University Identifies $500,000+ Savings From e-Business Transformation

Minneapolis, MN January 25, 2001 - By transforming its facilities operations into an e-business, the University of Minnesota has already identified more than $500,000 annual savings from the implementation of a new enterprise facilities management system and expects major additional cost improvements, according to Cheryl Coryea, Chief Financial Officer for Facilities. Limitations in the flexibility of the legacy system forced the continuation of a number of inefficient practices such as re-keying of payroll information in several systems and duplicating preventive maintenance plans for similar equipment located in different areas of the campus. The implementation of FAMIS Enterprise Facilities Management Suite, from Prism Computer Corporation, Irvine CA (, made it possible to revamp 15 business processes to dramatically improve the efficiency of facilities management and other departments. For example, the ability to enter time from the field at a single point and electronically feed all other process steps saved $105,000 per year while the use of a central planning model for planning preventive maintenance work orders saved $125,000.

The University of Minnesota, with its four campuses, is one of the most comprehensive universities in the country and ranks among the most prestigious institutions in the United States. It is both a state land-grant university, with a strong tradition of education and public service, and a major research institution, with scholars of national and international reputation. The University of Minnesota-Twin Cities is a classic Big Ten campus located in the heart of the Minneapolis-St. Paul metropolitan area. The largest of the four campuses, with over 45,000 students currently enrolled, it is made up of 19 colleges and offers 161 bachelor's degrees, 218 master's degrees, 114 doctoral degrees, and 5 professional degrees. The Twin Cities campus is one of the largest facilities of any type in the United States with about 20,000,000 square feet. The facilities management department spends approximately $35 million per year in maintaining and managing existing buildings and oversees the delivery of nearly $800 million in new construction and renovation projects.

The facilities management organization previously used a maintenance system that had become outdated over the years, Coryea said. "The technology was based on an outdated database architecture that was difficult to upgrade and required a high level of attention simply to maintain the existing functionality," she said. "The old software required that we go through 16 separate steps simply to get labor reporting all the way from the origination point through to the final payroll process so that people could get paid. As the need to make a large expenditure to upgrade the system for Year 2000 compliance loomed, we made the decision instead to start over from scratch."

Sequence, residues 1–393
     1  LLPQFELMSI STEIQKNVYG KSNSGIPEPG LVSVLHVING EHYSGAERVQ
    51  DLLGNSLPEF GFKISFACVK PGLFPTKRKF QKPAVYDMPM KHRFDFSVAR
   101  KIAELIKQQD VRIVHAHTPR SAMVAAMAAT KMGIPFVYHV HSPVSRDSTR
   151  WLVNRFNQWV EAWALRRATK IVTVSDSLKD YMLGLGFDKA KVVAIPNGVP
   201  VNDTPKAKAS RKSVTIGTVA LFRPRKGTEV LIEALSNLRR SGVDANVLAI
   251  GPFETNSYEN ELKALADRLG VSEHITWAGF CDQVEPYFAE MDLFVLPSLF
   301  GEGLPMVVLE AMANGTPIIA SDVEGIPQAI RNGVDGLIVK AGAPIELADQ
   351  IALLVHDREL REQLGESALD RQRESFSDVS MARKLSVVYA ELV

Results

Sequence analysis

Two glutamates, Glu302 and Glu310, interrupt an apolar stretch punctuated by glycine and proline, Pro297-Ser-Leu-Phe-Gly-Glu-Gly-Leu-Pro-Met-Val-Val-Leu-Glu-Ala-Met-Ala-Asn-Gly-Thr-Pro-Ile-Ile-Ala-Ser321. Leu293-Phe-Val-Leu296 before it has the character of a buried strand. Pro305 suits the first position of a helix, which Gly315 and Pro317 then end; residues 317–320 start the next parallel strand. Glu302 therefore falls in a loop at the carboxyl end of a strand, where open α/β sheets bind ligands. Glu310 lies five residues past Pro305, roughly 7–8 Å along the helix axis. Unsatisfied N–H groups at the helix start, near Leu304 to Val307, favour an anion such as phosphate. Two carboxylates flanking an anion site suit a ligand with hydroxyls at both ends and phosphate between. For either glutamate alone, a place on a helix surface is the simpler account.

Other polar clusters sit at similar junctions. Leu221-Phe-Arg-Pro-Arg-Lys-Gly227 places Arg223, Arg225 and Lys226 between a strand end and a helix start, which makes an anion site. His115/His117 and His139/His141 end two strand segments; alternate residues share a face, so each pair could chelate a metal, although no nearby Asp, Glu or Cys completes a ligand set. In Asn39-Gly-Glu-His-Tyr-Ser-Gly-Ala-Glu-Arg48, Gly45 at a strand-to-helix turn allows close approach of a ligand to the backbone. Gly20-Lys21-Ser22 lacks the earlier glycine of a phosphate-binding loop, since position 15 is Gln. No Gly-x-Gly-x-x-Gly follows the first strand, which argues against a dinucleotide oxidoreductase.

Coryea said that the primary criteria used in selecting the replacement system were an open architecture that would interface with the University's other systems, flexibility that would make it possible to upgrade business processes and substantially improved reporting capabilities to provide decision support information. "We selected FAMIS because it provides the most open and flexible architecture of the systems that we viewed. Their strong support for Oracle database technology made it relatively easy to interface with our existing applications and take advantage of the latest decision support technology. Besides handling all aspects of corrective and preventive maintenance out of the box, FAMIS provided the flexibility we needed to make dramatic improvements in our business processes." 

The new software provided an electronic time gathering form that feeds employee time information into job costing, invoicing, payroll, financial accounting and other applications. The 16 steps that were previously required to move time sheet information through the organization were reduced to a single step. This approach eliminated a considerable amount of data entry time, made it possible to move one data entry clerk and one supervisor to other positions, providing $105,000 in annual savings. Business process improvements were also made in the area of accounts payable and related accounting entries that made it possible to handle a larger volume of vendor invoices with less accounting time and provide additional savings by reducing the need for processing general ledger entries. This saved an additional $30,000. Other business process changes that resulted in substantial savings include: centralized planning for standard equipment--$300,000; streamlined MRO functions-estimated $50,000 annually; work scheduling and lookup--$36,000 annually; reduced software maintenance cost--$40,000 annually.

"We are also planning many other process improvements such as creating an interface to our building automation systems so that we can automatically generate a work order if, for example, an alarm shows that a heating system is not working properly. All in all, we believe that long-term we have the opportunity to save between 7% and 10% a year from our total annual maintenance budget, something on the order of $2 million per year." 

Prism Computer Corporation, headquartered in Irvine, California, is the developer of FAMIS, a 100% Internet enabled, world-class Enterprise Facilities Management system. Founded in 1982, Prism provides software products and services to help organizations effectively and efficiently maintain and operate facilities assets, manage space, and control capital projects. For more information please visit or call 1-800-774-7622.

Prism Computer Corporation

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